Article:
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Research Network for Transcultural Practices in the Arts and Humanities

WORKSHOP on the occasion of documenta 14

De-Essentializing Difference Acknowledging Transculturality

Art (History) Education and the Public Sphere in a Globalized World

Friday, 9 June 2017, 2:30-6:30 pm

Kindly hosted by Kunsthochschule Kassel (KHS) as a part of their KMMN program, an interdisciplinary platform offering 100 days of art school to coincide with documenta 14

Venue: KulturBahnhof Kassel

Room: “Interim”

Franz-Ulrich-Straße 16

34117 Kassel

Directions: http://mapkit.io/embed/r5sm4s 

Registration: The event is public and free of charge, but please register by emailing Irina Denkmann at transcultural@geschkult.fu-berlin.de 

Organized by RNTP members Amara Antilla, Nanne Buurman, Birgit Hopfener and Franziska Koch

In line with documenta 14’s attempt to re-think and transform public spheres in face of the current crisis of democracy, the workshop explores how art and art history education respond to this challenge from multiple cultural, historical, discursive and socio-political perspectives. It seeks to examine specific realms and practices of publicness with respect to the power structures of more or less entangled art worlds by addressing transcultural processes of subjectivation and community building. To counter essentialisms and politicize difference, we would like to critically discuss the potentials and pitfalls of both national/ist educational agendas as well as neoliberal dismantling of public institutions. The workshop focuses on art education, art history education and education through art (as practiced in academies, museums, exhibitions, schools, universities and other non-institutional initiatives) that take into account the inherent transculturality of the arts and humanities.

Collaborative and participatory approaches/projects that challenge the rigidity of public institutions are popular among artists and educators all around the world. While the ambivalences of the institutionalization of institutional critique and the risks of capitalist cooptation of emancipatory decenterings of power are well rehearsed, the most recent global developments with their accelerated and at times calculated attack on cultural, technological, economic and geo-political connectivity have yielded (new) conflicting processes, protagonists, and strategies that cut across national, institutional, cultural and social boundaries. On the one hand, critics often bemoan that phenomena such as biennalization, the expanding international art market, a jet-setting class of “global” artists and curators and a transnational circulation and reception of artistic production suggest a pluralist homogenization and a certain degree of exclusivity. On the other hand, the number of agents, institutions and locations that (continue to) feel alienated, excluded, or systematically discriminated against call into question the global fluidity of the art world and require a self-reflective review of the ways in which this mode of being has perhaps contributed to the creation of the antithesis. Hence, actors in the field increasingly articulate conflicting ideas of identity, community, and belonging on a more global scale and interconnected level. The continuously relevant critiques of (neo)colonial relations as well as the growing transnationalism of right-wing and (religious) fundamentalist movements, which all challenge the capitalist status-quo, albeit from very different angles, are but some examples for the pressing problems that artists, curators as well as art historians and educators/mediators face, when they engage with the following questions:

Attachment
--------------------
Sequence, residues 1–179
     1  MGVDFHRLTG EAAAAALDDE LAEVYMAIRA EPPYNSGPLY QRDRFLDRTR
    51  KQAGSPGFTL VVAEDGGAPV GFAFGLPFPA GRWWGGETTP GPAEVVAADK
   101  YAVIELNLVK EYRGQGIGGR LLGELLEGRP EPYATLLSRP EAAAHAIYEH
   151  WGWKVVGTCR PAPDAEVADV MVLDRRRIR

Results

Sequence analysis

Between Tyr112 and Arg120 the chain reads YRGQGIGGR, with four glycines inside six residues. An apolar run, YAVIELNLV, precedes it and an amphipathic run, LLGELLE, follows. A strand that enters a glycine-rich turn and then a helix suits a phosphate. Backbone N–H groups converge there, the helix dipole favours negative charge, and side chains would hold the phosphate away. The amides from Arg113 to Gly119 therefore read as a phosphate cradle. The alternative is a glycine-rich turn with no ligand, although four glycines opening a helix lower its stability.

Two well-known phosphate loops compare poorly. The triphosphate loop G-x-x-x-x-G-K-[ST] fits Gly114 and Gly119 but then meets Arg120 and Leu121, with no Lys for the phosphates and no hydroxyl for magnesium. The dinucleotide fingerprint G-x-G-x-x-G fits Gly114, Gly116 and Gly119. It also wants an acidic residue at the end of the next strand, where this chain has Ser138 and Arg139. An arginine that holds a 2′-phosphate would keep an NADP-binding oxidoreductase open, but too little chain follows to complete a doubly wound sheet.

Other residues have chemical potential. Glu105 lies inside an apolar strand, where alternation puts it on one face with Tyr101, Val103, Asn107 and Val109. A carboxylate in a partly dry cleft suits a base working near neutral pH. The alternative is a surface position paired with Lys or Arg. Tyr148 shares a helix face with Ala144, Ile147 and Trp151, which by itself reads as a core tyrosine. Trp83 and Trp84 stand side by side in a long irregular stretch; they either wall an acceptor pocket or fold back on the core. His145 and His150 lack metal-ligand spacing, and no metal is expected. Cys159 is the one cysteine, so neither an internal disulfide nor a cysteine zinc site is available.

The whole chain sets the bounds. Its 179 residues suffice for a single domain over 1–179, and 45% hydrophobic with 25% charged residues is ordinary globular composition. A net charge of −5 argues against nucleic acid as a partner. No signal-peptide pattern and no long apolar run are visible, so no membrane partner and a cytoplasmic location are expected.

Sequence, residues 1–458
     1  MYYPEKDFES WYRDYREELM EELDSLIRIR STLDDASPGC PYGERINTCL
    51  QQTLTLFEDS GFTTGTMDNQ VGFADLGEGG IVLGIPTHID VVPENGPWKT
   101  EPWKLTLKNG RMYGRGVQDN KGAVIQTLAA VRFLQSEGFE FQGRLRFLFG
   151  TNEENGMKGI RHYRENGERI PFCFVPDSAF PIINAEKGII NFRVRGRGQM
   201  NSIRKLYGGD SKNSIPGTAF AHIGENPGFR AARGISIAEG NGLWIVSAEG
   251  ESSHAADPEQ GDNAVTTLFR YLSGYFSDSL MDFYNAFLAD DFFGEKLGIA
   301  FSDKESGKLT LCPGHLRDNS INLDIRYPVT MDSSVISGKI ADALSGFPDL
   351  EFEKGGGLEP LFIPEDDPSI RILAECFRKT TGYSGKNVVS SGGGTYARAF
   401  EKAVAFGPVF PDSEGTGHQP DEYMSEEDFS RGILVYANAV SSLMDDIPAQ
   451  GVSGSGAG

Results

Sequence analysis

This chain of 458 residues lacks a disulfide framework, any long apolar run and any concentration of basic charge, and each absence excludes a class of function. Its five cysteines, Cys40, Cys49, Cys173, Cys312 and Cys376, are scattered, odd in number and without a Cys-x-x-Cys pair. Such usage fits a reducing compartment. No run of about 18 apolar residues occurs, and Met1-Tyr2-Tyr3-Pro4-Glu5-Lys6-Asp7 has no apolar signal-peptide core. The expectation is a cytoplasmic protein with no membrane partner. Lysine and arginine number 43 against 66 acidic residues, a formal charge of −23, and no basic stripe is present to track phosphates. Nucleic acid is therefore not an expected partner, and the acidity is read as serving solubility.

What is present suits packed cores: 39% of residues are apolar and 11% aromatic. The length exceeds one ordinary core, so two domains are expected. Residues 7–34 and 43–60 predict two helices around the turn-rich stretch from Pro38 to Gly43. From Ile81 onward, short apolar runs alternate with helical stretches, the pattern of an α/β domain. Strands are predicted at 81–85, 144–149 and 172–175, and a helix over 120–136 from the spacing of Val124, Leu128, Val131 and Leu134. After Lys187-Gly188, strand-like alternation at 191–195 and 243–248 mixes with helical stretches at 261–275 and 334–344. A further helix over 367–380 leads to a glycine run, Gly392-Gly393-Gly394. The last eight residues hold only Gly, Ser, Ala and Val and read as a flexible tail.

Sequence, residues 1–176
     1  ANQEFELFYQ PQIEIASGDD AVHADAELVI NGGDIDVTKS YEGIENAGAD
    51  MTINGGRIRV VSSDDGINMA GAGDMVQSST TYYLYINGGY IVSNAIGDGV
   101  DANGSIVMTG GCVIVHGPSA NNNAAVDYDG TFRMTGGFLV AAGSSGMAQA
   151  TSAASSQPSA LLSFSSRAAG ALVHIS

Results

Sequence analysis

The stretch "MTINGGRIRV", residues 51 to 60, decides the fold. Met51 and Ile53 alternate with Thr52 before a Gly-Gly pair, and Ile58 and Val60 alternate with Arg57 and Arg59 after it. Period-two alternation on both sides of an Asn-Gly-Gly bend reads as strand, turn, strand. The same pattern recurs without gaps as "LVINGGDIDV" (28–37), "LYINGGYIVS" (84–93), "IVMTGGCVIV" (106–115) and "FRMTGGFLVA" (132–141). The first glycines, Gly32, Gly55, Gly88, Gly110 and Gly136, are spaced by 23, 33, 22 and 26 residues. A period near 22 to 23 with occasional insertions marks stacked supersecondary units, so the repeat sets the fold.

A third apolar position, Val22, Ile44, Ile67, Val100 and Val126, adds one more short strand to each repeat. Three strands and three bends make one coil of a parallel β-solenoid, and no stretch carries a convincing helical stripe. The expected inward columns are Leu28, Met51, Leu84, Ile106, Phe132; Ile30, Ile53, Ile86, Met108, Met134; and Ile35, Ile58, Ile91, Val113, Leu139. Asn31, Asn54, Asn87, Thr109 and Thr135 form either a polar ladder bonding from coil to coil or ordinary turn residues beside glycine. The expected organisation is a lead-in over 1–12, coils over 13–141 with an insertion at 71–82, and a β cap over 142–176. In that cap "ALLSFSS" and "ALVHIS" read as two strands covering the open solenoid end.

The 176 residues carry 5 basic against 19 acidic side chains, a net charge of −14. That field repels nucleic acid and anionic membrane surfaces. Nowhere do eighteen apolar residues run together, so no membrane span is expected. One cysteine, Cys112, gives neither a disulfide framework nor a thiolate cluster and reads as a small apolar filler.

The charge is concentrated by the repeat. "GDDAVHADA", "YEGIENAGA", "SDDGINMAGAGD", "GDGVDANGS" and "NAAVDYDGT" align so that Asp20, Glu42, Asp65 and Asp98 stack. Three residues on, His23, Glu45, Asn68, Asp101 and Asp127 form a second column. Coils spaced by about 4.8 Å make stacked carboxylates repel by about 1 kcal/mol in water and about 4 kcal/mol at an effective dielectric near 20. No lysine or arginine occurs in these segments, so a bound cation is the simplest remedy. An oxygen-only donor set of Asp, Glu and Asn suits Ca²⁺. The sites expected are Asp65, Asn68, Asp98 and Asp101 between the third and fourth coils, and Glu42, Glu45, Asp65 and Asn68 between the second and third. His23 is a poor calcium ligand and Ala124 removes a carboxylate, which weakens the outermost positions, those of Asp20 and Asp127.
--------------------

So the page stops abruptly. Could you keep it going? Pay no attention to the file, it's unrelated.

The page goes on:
Who speaks, presents and practices art for whom? What kind of messages are transmitted and in how far does mediation also entail translation? To what extend does cultural identity play a role and how can education in the field of art acknowledge transculturality as an inescapable condition of today’s world? How can we politicize difference in a de-naturalizing way that avoids both exoticizing and commoditizing otherness?



Welcoming Words 

Jacob Birken (Kunsthochschule Kassel)

Franziska Koch (Ruprecht-Karls-Universität Heidelberg)


Introductory Remarks 

Nanne Buurman (Freie Universität Berlin) Abstract/CV

2:50-3:50 – SESSION 1

Chair: Birgit Hopfener (Universität Duisburg-Essen) Abstract/CV

Learning From a City in Crisis? On the Transcultural Approach to Curating documenta 14

Barbara Lutz (Universität Hildesheim) Abstract/CV

Transcultural Arts Education – Curating Diversity at Transnational Arts Festivals 

Lisa Gaupp (Leuphana Universität Lüneburg) Abstract/CV

TRANScuratorial Academy

Beatrice von Bismarck (Hochschule für Grafik und Buchkunst, Leipzig) Abstract/CV


      3:50-4:10 Break (20 min)

4:10-4:55 – SESSION 2

Chair: Amara Antilla (Guggenheim Museum, New York) Abstract/CV

From University to Shopping Mall, Socially Engaged Wandering

Yang Jing (Ruprecht-Karls-Universität Heidelberg) Abstract/CV

The Actuality of the Anti-fascist Brigades and the International Solidarity Movement of the 1970s: A Case in Kassel 1977

Paz Guevara (Haus der Kulturen der Welt, Berlin) Abstract/CV


      4:55-5:00 Break (5 min)

5:00-5:45– SESSION 3

Chair: Franziska Koch Abstract/CV

Art and its Discourse in Trans-Culturality from the Material Turn.
(Networks of Transculturality Outside the Occident) 

Sumesh Sharma (Clark House Initiative, Bombay) Abstract/CV

De-provincializing the Museum

Nora Sternfeld (Aalto University, Helsinki) Abstract/CV


      5:45-5:50 Break (5 min)


Chairs: Amara Antilla & Franziska Koch 


Chair: Birgit Hopfener 

For more information about the workshop and the Research Network for Transcultural Practices in the Arts and Humanities (RNTP) see http://www.network-transcultural.net/RNTP-Activities/index.html

For more information about Kunsthochschule Kassel’s KMMN see http://www.kmmn.space.